TENANCY IN COMMON: Definition & Overview

tenancy in common

There are many forms of house ownership, however, tenancy in common is one of the most rampant. With it, just about anyone can become a house owner without much ado. Mostly popular among unmarried people, tenants in common offer diverse opportunities to individuals. But you would not be conversant with this if you do not understand what a tenancy in common is, its advantages as well as disadvantage. So we desire to give you an overview of what tenancy in common is and the right in its agreement vs joint tenancy survivorship rights in California. Let’s get on board.

What Is Tenancy in Common (TIC)?

The Cambridge dictionary defines TIC as a legal agreement in which two people or groups share ownership of a piece of property, but each person’s share of the property is not passed automatically to the other tenant or tenants in common when they die. More elaborately, it refers to a situation in which two or more people share ownership of a property or piece of land. Whether it is a commercial or residential property, each independent owner has equal ownership rights, sometimes, with different degrees of control over the overall property. In the event of the death of one owner, the property right of ownership falls to the heir of that owner, not the others. 

Let’s make this more practical. Three good friends, Will, Smith, and Harry own a six-bedroom apartment. Will and Smith own 25% of the property while Harry owns the remaining 50%. Even though Harry owns a greater share of the property in question, none among them can lay claim on the house. If Harry dies, his ownership share and rights go on to whoever he wills it to and not to the other owners. 

Rights of Tenancy in Common

The following are the rights that tenants in common have:

Property Income

Property income is one of the rights in TIC. There are times when owners decide to rent their property or estate. In such situations, every owner is will receive income to the degree of ownership.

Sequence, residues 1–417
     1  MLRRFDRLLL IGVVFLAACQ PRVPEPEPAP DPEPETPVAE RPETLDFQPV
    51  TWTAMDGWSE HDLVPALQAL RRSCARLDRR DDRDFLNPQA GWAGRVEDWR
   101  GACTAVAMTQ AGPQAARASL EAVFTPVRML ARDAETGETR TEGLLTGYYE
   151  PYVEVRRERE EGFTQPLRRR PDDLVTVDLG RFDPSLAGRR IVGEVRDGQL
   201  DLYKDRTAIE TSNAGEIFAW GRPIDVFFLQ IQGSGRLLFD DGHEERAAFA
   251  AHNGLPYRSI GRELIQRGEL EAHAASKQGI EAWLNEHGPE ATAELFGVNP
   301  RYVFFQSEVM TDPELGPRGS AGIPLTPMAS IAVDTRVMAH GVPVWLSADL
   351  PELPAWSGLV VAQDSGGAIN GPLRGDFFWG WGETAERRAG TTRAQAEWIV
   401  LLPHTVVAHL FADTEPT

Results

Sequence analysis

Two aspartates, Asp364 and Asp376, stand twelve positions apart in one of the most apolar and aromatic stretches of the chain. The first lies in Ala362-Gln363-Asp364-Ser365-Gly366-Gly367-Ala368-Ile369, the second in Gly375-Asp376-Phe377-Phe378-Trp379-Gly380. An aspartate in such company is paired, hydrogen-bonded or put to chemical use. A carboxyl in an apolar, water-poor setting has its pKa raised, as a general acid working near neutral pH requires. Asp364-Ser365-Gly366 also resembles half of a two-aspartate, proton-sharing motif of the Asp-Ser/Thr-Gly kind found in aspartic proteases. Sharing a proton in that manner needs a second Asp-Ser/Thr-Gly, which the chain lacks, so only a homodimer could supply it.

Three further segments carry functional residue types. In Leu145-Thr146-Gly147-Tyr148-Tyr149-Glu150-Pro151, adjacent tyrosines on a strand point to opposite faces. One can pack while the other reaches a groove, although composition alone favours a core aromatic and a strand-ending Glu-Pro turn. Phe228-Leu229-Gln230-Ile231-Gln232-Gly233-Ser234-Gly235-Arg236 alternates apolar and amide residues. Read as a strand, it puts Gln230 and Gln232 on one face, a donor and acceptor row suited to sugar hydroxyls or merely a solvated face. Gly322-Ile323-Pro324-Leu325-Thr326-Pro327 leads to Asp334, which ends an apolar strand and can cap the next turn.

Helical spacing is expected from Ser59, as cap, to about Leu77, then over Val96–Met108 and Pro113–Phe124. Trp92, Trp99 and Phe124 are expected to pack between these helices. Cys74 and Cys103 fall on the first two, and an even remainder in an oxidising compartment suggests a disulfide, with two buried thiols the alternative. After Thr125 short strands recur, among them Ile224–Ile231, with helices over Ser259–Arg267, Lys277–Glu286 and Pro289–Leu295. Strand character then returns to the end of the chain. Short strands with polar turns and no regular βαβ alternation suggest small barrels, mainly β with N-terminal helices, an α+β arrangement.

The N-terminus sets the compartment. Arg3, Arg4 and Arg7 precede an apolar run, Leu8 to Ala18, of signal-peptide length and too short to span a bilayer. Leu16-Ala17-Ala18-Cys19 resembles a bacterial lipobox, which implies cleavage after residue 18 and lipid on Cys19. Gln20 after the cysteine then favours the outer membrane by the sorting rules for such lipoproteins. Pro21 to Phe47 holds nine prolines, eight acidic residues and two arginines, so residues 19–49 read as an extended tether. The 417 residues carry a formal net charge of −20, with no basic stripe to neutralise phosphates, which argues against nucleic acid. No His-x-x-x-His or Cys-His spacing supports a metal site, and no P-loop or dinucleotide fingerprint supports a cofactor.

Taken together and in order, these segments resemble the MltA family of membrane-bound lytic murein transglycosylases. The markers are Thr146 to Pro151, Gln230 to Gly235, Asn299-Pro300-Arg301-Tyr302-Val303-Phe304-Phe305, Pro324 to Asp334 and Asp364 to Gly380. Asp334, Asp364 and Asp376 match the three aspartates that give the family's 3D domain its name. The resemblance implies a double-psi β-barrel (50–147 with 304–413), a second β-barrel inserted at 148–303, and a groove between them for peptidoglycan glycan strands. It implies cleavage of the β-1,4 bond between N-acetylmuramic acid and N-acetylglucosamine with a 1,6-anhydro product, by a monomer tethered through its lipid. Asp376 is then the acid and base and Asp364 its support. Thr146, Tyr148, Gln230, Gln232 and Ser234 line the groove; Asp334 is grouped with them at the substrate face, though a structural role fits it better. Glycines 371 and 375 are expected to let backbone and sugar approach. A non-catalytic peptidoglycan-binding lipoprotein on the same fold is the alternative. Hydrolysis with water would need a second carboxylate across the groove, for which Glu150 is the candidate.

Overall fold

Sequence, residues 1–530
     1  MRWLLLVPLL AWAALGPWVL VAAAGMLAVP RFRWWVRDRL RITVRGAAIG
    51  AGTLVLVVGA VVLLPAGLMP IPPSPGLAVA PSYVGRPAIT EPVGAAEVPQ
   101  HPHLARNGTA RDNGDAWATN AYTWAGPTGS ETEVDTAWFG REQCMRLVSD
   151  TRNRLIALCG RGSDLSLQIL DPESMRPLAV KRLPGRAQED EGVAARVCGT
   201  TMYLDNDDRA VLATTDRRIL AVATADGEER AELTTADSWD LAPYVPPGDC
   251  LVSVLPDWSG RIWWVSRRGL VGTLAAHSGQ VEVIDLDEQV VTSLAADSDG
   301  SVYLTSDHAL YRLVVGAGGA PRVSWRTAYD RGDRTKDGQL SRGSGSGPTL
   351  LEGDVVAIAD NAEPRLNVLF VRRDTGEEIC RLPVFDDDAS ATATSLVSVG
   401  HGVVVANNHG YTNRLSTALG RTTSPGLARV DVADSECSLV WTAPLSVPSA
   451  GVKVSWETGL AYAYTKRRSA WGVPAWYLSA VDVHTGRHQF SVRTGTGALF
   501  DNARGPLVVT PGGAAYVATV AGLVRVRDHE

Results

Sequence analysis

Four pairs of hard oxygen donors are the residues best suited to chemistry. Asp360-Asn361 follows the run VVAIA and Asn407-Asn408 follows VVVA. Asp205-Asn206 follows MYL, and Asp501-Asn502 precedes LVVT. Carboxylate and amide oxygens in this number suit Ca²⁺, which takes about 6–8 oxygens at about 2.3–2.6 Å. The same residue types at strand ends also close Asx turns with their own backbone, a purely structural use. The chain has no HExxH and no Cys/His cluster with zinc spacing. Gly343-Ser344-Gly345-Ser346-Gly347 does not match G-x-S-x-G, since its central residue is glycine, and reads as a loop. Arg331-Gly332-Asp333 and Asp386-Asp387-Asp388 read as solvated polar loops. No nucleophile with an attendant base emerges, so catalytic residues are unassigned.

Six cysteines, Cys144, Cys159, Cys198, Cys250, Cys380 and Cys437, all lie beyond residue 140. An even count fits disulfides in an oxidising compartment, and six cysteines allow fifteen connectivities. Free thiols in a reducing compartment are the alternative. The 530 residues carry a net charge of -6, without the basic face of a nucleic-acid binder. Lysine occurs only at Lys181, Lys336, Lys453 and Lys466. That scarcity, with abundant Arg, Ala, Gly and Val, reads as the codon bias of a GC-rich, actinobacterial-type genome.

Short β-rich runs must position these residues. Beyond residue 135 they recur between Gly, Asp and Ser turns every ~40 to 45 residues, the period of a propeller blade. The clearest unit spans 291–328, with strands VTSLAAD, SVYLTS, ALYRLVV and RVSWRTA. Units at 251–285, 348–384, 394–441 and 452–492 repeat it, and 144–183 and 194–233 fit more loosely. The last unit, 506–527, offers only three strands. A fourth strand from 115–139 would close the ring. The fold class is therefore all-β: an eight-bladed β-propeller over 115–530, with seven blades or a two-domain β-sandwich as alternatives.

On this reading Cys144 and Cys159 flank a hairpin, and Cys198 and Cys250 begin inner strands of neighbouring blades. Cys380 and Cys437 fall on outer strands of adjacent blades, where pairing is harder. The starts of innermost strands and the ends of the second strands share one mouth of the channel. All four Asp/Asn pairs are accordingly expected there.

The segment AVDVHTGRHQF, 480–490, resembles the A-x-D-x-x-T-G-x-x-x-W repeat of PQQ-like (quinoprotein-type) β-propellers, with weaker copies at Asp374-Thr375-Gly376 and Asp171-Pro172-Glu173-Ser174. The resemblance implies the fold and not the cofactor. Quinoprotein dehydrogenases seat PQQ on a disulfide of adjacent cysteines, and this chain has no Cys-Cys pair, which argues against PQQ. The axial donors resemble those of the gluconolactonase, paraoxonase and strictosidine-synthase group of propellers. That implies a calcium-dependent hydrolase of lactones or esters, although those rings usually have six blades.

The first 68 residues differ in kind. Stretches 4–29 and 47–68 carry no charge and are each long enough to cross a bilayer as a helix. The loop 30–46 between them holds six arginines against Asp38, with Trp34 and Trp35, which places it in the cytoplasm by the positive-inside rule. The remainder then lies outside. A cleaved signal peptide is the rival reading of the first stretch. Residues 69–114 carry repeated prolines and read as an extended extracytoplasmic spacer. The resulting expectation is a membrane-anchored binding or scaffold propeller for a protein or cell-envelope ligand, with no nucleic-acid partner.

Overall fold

Right to Transfer Ownership 

Owners also have the right to transfer their ownership rights in a tenancy in common. They can decide to sell, mortgage it, rent it out, or gift it to another.    

Probate Transfer

Owners also have the right to transfer their stake through a trust or will.  

Liabilities in TIC

Tenants in common are additionally liable for the following:

Expenses

Property expenses are shared among all owners. This responsibility is typically distributed according to ownership shares, with each owner paying a fraction of their stake. As a result, if one person owns 50% of the business, they are responsible for 50% of the expenses.

Law Suits

If a lawsuit is filed against owners because someone was hurt on the property, all of the owners are liable for any judgment entered against them. Regardless of the circumstances or fault of any one owner, each co-owner is responsible for their share of ownership.

Creditors

If one of the co-owners has a creditor who acquires an interest in the property, such as through a court-ordered sale to pay a debt, the other owners may be obliged to sell. They will be compensated depending on their investment in the property, but there is little they can do to keep the property unless they can buy out the creditor.

Partition

Tenants in common may become embroiled in a conflict that they are unable to resolve. The court can divide the property according to own shares in a partition case. It may also lead to an order to sell and split sales proceeding according to the degree of ownership.

Dealing With Disagreements In Tenancy in Common

Co-owners at one point or the other may face disagreements and differences in interest. How can they deal with this? Such situations can be handled with a legal agreement.

With a carefully drafted agreement that defines all of the owners’ rights and obligations, co-owners can try to prevent the potential complications that can occur with a tenancy in common. The agreement can specify what happens if one of the owners wishes to sell their stake, or it can compel the owners to try other dispute resolution methods such as mediation before asking the court to intervene.

Terminating Ownershipship Agreements

Disposing of tenancy ownership will not be difficult if you have an agreement in place. That is why one of the first things you should do before entering a tenancy in common, is to establish a binding agreement. Depending on what your binding agreement says, you can buy off an owner or simply put up the property for sale.

Pros And Cons Of Tenancy in Common

Like other forms of ownership, tenants in common have advantages and disadvantages and these are outlined below;

Pros 

  • It creates an enabling platform for the average man to become a house owner.
  • The number of persons involved in the project can increase over time. This makes it easier to deal with liabilities.